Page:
# Windows build instructions

As VirtualBox is a cross platform project, we use a cross platform build system meaning that there won't be any Visual C++ project files that you can open and just build. Instead, you have to follow these steps but they aren't overly difficult.

## Prerequisites

• Windows 10 x64 or Windows 8.1 x64.
Older versions of Windows might work.
• Visual Studio 2010 with service pack 1 (for trunk: Visual Studio 2019 Version 16.11).
Use --with-vc= to specify the path for configure.vbs.
• Qt v5.6.x or later
Note! This has to be built with the Visual C++ compiler mentioned above.
Use --with-qt5= to specify the path for configure.vbs.
• SDL v1.2.7 or later development package (VC6):
Use --with-libsdl= to specify the path for configure.vbs.
Use --disable-sdl as parameter for configure.vbs to disable the SDL frontend and to remove the dependency to SDL.
• the cURL library. Grab the binaries from:
(use the devel version without SSL support)
Use --with-libcurl= to specify the path for configure.vbs. For building the 64-bit target you need to add --with-libcurl32= to specify the path to the 32-bit cURL development package as both cURL variants (32-bit and 64-bit) are required then.
• Python 2.7.x, needed to build Python API bindings, both webservice and COM. Also required to build the 3D support. Grab the binaries from:
Use --with-python= to specify the path for configure.vbs.
• code signing utilities.
Normally part of the WDK: certmgr.exe, makecert.exe, signtool.exe and so on.
Use VBOX_PATH_SIGN_TOOLS=\path\to\signtool.exe in LocalConfig.kmk to set the path to signtool.exe tool.
Use VBOX_INF2CAT=\path\to\inf2cat.exe in LocalConfig.kmk to set the path to the inf2cat.exe tool.
• Optional: NSIS 3.x, only needed if you want to build the Guest Additions including the installer. Required plugins: AccessControl, NsProcess. Grab the sources or setup from:
Use VBOX_PATH_NSIS= in LocalConfig.kmk to set the path to this package.
• Optional: gSOAP 2.8.x, only needed if you want to build the webservice API server. Grab the sources from:
http://sourceforge.net/projects/gsoap2/files/gSOAP/gSOAP%202.8.72%20stable/
Add VBOX_PATH_GSOAP=\path\to\gsoap-VERSION\gsoap and VBOX_GSOAP_INSTALLED=1 to your LocalConfig.kmk file (no autodetection from configure.vbs).
Add VBOX_WITH_WEBSERVICES= to LocalConfig.kmk to disable building + packing the webservice API server.
• Optional: AutoIt v3 3.2.10, only needed if you want to package the Guest Additions. Grab the binaries from:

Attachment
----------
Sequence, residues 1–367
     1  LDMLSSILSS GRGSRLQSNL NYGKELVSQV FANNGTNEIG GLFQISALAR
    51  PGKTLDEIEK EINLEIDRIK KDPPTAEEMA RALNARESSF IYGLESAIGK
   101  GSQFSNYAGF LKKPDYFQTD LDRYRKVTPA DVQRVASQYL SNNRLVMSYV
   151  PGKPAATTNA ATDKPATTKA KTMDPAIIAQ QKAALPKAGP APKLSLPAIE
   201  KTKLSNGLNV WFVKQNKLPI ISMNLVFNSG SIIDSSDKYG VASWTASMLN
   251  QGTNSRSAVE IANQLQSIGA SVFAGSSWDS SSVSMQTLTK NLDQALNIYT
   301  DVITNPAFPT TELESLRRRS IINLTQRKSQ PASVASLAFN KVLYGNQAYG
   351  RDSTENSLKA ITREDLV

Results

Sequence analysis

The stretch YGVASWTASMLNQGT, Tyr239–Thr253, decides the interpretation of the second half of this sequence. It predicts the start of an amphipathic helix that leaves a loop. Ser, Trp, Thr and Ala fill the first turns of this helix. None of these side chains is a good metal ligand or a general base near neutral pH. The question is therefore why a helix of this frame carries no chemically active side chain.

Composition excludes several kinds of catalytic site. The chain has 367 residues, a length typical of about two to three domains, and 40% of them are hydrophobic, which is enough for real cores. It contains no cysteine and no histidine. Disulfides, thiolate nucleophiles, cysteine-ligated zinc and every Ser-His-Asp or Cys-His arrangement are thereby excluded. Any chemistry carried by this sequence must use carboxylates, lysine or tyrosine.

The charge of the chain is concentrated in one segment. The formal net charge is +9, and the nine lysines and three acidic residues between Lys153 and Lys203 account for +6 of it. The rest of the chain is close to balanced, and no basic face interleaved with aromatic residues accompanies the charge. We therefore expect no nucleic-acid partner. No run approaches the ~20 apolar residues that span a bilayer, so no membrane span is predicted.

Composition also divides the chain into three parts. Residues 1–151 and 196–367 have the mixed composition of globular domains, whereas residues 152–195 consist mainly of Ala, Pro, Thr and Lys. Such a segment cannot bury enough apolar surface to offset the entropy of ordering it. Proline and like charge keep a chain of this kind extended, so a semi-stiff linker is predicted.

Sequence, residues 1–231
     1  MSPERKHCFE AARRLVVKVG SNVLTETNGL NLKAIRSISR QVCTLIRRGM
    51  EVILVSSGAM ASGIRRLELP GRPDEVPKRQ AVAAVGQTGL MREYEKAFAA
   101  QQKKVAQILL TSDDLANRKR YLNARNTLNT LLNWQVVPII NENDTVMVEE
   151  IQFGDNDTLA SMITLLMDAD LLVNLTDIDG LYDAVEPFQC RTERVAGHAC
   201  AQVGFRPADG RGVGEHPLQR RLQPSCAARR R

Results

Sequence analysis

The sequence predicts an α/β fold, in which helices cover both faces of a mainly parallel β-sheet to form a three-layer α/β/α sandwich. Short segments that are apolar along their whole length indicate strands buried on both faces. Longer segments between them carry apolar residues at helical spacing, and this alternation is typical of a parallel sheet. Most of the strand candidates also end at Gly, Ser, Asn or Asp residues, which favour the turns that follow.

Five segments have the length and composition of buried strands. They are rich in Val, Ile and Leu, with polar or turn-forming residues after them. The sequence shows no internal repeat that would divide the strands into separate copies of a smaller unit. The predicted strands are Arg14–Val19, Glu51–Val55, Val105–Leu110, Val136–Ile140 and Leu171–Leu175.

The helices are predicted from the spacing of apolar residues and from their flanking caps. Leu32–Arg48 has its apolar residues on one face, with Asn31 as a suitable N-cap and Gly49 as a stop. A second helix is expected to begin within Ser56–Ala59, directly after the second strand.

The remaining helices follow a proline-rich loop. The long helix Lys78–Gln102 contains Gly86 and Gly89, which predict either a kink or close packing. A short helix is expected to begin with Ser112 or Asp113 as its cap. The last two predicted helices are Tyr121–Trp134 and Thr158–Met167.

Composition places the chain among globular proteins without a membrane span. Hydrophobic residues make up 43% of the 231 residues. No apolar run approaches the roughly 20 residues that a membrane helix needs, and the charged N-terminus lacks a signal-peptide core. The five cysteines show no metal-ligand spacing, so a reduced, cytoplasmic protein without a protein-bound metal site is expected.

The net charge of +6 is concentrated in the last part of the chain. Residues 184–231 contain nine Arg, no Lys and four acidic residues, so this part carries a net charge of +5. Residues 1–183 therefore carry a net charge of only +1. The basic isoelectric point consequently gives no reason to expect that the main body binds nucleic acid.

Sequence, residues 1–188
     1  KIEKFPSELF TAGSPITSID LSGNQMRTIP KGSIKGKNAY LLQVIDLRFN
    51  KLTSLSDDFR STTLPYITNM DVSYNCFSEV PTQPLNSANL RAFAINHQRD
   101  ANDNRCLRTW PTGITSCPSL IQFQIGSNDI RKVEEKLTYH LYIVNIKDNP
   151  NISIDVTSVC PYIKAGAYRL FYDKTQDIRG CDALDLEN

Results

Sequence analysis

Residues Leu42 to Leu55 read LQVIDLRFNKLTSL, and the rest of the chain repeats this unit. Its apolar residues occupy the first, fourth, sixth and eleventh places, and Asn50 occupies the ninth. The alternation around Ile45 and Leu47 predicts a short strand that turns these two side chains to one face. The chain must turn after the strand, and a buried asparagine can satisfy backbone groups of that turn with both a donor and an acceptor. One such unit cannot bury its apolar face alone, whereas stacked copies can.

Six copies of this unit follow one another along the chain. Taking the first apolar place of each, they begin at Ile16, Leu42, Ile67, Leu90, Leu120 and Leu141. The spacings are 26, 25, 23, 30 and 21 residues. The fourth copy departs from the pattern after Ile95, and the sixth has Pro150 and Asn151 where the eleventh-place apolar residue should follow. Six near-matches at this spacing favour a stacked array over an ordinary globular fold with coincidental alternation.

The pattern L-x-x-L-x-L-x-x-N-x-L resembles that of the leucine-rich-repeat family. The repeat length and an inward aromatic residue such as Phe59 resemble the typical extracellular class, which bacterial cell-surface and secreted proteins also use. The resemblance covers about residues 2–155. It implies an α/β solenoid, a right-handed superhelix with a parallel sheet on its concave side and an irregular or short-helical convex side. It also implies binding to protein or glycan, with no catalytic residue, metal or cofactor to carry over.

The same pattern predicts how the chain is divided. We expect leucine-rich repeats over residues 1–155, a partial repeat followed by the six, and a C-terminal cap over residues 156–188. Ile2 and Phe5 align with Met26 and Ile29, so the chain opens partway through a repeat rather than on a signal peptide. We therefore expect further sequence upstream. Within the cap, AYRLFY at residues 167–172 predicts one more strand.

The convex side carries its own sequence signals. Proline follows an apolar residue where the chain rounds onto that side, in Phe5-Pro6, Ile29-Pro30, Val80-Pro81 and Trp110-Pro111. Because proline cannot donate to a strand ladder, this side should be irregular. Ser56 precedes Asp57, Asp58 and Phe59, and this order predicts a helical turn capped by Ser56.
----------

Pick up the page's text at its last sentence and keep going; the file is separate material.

https://www.autoitscript.com/site/autoit/
Use VBOX_PATH_AUTOIT3=\path\to\autoit3 in LocalConfig.kmk to set the path to this package. PATH should contain the Aut2Exe directory.
• Optional: zip.exe, only needed if you want to package the Validation Kit (disable with VBOX_WITH_VALIDATIONKIT= in LocalConfig.kmk). Grab the package from
http://gnuwin32.sourceforge.net/packages/zip.htm
Use VBOX_ZIP=\path\to\zip.exe in LocalConfig.kmk to set the path to the zip.exe binary.
• Optional: WIX toolset 3.8.1128, only needed if you want to package VirtualBox. Grab the binaries from
http://wixtoolset.org/releases/
Use VBOX_WIX_PATH=\path\to\WIX in LocalConfig.kmk to set the path to this package.
• Optional: WiSumInf.vbs SDK script, only needed if you want to package VirtualBox. The required script is
sdk-v7.1\Samples\sysmgmt\msi\scripts\WiSumInf.vbs (see SDK 7.1 prerequisite above)
Use VBOX_PATH_WISUMINFO=\path\to\WiSumInf.vbs in LocalConfig.kmk to set the path to this script.

### Using other versions of libraries shipped with the VBox sources

• OpenSSL 1.1.1 or later. Grab the binaries from:
https://slproweb.com/products/Win32OpenSSL.html
Use --with-openssl= to specify the path for configure.vbs. For building the 64-bit target you need to add --with-openssl32= to specify the path to the 32-bit OpenSSL development package as both OpenSSL variants (32-bit and 64-bit) are required then.
• the zlib library. Grab the sources from:
http://www.zlib.net/
Actually the tarball includes zlib in the 'src\libs' directory so downloading this library is only necessary if you need a more recent version. In that case look for SDK_VBOX_ZLIB_INCS and SDK_VBOX_ZLIB_LIBS in Config.kmk and override these entries in your LocalConfig.kmk accordingly. See below for some notes about using LocalConfig.kmk to override the default build configuration).

### Manual compilation of certain prerequisites